We will not impose the conditions requested by Connecticut DOT. Those conditions all relate to matters that have no connection to the Transaction and are not based on any alleged competitive harm. The inactive connections, lack of interchange agreements, and lack of traffic on the Waterbury Branch all pre‑date the Transaction, and Connecticut DOT has not shown that any of these situations would be aggravated by the Transaction.

 

Nor will we grant Connecticut DOT’s request for additional time to study what it asserts is “the possible re‑routing of traffic away from the newly‑established interchange between the New England Central Railroad Company and the Providence & Worcester Railroad Company at Willimantic.” We have not received any information that would lead us to believe that Applicants might affect the alleged re‑routing in a way that forecloses competition or advances any purpose other than the attraction of traffic to an upgraded, more efficient route over the Patriot Corridor, which is the purpose of the Transaction. Thus, we have no reason to believe the matter warrants a delay of this proceeding for further study.

 

Milford-Bennington. Milford-Bennington is a short line railroad that connects at Nashua, NH, with a segment of Springfield Terminal that would not be part of the PAS system. Milford‑Bennington’s only customer is Granite State Concrete. The carrier serves Granite State by moving crushed stone approximately 5 miles from an excavation site on a segment leased from the State of New Hampshire to a processing facility on a connecting segment over which it operates pursuant to trackage rights over Springfield Terminal. Milford‑Bennington alleges that its experience with Springfield Terminal has been fraught with problems, that the Transaction would render PARI less able to solve the alleged problems, and that the Transaction would adversely affect PARI lines that would not be part of the PAS system. To remedy its concerns, Milford‑Bennington asks that we: (1) require PARI to meet its “pre-existing promises” to the State of New Hampshire and to Milford‑Bennington to improve branch lines; (2) require PARI to meet its obligation to the State of New Hampshire to improve the main line between Nashua and Manchester; (3) require PARI to maintain a locomotive fleet sufficient to meet service requirements in New Hampshire; (4) direct PARI to enter into a trackage rights agreement with Milford‑Bennington that is “consistent with standard industry terms and conditions”; and (5) retain jurisdiction to enforce these conditions.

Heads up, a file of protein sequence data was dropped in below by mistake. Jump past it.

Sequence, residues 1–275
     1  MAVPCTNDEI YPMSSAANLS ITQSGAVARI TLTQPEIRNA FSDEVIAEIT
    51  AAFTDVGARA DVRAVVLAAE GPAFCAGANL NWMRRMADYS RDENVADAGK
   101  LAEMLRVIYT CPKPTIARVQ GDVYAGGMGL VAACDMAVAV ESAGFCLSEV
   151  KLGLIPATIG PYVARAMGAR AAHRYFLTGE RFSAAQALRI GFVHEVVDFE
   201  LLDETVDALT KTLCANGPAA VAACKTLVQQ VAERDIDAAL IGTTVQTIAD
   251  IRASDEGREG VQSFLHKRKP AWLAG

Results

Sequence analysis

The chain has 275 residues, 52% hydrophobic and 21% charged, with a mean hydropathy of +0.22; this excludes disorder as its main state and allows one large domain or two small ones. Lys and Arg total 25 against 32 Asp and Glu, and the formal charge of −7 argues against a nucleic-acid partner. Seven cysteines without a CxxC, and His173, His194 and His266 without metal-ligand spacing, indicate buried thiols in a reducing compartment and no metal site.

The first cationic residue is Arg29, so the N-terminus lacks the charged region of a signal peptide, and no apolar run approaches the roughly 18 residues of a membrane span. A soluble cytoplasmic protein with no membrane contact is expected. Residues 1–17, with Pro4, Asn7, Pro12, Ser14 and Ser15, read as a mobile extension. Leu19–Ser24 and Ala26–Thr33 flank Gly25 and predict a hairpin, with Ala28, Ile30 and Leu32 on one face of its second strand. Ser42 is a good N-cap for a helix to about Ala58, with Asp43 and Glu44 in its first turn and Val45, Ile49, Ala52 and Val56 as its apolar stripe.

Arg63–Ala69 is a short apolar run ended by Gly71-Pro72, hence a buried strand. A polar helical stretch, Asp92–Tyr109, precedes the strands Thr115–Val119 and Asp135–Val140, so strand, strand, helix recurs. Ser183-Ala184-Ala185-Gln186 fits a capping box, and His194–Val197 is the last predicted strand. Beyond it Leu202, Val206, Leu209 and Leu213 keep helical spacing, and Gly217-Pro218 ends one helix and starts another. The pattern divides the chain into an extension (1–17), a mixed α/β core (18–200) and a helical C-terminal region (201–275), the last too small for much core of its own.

We will not impose the conditions requested by Milford‑Bennington. None of its conditions relate to any harm to competition and, in any event, they all seek to remedy matters that pre‑date the Transaction and would not be made worse by the Transaction. The enforcement of any prior promises or obligations that Springfield Terminal may have made or undertaken concerning branch line service may be pursued in a different proceeding or forum, but such promises or obligations are not an appropriate subject for conditions in this proceeding.

 

MMA. MMA, a short line operating in Maine, Vermont and Canada, maintains that its interline business with Norfolk Southern is important. MMA connects with Norfolk Southern via three routings: (1) a CP route between Montreal, on the one hand, and Albany, NY, or Harrisburg, PA, on the other; (2) a Canadian National Railway Company (CN) route (not otherwise described in MMA’s statement); and (3) a Springfield Terminal route that connects with MMA at Northern Maine Junction, ME, and with Norfolk Southern near Albany, and that would not be included in the planned PAS system. According to MMA, the Springfield Terminal route would be the least efficient of the three routes because Springfield Terminal’s service has traditionally been poor over this route and PAS has no plans to upgrade the portion of the route that connects with MMA. MMA argues that the Transaction would adversely affect competition and essential services provided by MMA by giving Norfolk Southern an incentive to divert traffic from MMA’s connections with CP and CN in favor of the allegedly inefficient route with PAS. MMA argues that, in light of Applicants’ representations that the Transaction would not adversely affect competition or the well-being of connecting carriers or cause a shipper to lose any competitive rail service, the Board should adopt the following conditions to ensure that Applicants’ prediction is realized: (1) prohibit Applicants from taking any actions that would adversely impact non-PAS routes between MMA and Norfolk Southern; (2) grant haulage and trackage rights to Norfolk Southern to enable it to have a direct interchange with MMA; and (3) retain jurisdiction to monitor Applicants’ compliance with these conditions.